Lower Wensleydale is a broader version of mid Wensleydale with the river gently meandering until it drops significantly at Aysgarth over the platformed waterfalls. The valley sides become increasingly wooded.

From Middleham onwards, the river is a typical middle-aged river and meanders in wider arcs as it flows south-east. [5]


The valley has been inhabited since prehistoric times. Examples of earthworks and other artifacts from the Bronze and Iron Ages can be seen in the Dales Countryside Museum in Hawes, and the Romans built a fort at Bainbridge. Place names in the valley denote the different types of settlers, such as Angles and Norse with typical suffixes such as "ton" and "sett".

During medieval times, much of the upper dale was sheep country belonging to Middleham Castle and Jervaulx Abbey. In 1751, the Richmond to Lancaster Turnpike was created and originally followed the Roman road from Bainbridge. In 1795, it was diverted along the valley to Hawes and took the Widdale route, now the B6255 to Ingleton.[6]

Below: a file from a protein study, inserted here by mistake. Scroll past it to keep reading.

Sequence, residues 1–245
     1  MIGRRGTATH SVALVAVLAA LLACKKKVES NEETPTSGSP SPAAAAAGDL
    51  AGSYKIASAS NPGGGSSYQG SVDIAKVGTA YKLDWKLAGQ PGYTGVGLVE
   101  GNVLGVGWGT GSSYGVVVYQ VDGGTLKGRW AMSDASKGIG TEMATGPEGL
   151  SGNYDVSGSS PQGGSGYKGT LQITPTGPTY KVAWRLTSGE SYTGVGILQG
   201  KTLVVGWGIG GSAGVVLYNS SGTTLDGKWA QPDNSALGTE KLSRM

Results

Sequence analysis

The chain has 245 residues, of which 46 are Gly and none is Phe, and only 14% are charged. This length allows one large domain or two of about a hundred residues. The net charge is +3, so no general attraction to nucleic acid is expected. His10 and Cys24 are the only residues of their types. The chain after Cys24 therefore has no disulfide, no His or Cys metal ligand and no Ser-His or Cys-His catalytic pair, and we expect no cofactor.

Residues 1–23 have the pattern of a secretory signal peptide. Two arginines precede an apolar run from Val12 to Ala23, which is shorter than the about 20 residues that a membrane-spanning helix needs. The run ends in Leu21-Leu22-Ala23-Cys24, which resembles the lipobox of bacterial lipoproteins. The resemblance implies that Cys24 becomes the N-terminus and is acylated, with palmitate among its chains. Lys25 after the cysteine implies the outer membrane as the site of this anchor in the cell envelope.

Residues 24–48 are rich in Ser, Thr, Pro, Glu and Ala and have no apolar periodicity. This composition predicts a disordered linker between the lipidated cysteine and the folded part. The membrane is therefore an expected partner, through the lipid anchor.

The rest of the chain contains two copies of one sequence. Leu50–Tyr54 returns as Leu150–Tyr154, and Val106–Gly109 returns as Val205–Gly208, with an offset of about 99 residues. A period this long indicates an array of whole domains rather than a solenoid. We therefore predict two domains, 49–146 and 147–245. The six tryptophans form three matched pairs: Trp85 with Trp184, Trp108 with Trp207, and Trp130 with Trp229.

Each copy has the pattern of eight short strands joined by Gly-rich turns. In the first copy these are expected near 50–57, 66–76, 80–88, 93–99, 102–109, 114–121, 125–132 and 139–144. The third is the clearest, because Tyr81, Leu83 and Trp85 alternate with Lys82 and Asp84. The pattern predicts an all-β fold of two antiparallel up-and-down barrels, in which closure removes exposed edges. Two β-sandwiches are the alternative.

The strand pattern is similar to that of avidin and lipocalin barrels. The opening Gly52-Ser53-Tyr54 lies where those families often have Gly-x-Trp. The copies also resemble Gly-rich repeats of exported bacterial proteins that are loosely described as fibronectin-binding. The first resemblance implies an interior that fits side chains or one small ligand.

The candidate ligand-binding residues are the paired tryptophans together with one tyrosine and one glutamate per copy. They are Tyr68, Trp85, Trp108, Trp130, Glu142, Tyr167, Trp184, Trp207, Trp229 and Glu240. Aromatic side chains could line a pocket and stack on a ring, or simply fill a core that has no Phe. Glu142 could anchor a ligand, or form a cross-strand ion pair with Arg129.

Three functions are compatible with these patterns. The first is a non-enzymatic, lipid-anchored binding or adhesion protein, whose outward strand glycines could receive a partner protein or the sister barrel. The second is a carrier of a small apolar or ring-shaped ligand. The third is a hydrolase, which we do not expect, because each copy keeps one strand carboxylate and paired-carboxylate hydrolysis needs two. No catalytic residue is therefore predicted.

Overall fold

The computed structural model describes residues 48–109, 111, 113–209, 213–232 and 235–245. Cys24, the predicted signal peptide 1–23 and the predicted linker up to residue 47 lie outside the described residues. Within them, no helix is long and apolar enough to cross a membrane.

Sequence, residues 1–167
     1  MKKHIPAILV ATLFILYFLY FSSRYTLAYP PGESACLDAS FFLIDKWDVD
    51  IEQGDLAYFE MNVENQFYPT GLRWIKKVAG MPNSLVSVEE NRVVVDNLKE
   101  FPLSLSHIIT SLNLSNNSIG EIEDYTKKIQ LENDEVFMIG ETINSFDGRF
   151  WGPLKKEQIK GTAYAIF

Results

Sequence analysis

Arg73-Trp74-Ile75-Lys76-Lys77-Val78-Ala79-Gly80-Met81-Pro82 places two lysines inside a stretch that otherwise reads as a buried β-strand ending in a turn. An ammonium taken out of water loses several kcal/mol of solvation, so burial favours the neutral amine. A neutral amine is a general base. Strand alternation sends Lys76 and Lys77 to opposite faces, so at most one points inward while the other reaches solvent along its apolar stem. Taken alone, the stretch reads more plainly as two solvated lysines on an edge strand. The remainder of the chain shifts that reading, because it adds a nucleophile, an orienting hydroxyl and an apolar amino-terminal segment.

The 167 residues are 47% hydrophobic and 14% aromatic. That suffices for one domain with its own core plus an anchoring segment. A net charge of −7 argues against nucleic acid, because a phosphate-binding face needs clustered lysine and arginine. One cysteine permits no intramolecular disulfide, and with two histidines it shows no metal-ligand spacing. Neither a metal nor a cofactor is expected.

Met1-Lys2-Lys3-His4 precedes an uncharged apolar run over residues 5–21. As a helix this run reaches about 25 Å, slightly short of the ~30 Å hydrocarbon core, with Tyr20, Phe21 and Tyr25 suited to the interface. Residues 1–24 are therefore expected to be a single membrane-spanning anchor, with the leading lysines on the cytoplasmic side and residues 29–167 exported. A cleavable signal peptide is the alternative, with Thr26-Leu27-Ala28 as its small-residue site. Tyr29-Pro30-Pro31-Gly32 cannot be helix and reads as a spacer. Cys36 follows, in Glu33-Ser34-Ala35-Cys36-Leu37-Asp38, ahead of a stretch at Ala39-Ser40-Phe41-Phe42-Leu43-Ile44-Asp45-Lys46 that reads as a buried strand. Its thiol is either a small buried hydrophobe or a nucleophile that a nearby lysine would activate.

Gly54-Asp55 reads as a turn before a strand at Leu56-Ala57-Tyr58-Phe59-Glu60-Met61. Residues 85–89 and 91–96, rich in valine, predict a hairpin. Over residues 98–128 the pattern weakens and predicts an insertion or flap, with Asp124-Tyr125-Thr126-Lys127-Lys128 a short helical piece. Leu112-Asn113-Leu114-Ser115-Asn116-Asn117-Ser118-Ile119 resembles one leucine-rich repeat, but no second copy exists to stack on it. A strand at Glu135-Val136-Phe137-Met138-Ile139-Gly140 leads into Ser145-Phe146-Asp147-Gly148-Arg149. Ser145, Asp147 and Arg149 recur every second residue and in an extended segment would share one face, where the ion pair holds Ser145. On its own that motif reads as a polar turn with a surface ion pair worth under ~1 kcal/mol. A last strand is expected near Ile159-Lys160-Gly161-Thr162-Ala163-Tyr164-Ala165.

More recently in 1990, Aysgarth Falls was used as a location in Robin Hood, Prince of Thieves, in the scene where Robin Hood fights Little John.[7] It also featured in the 1992 film of Wuthering Heights[8] and the 1984 TV miniseries, A Woman of Substance.[9]


Farming (including dairying), tourism, and quarrying are the mainstays of the modern economy of the valley. The dairy at Hawes produces Wensleydale cheese. Brewing takes place in Masham at the Black Sheep and Theakston Breweries.

Many waymarked footpaths and open countryside are seen. The Pennine Way passes through Hawes.[6]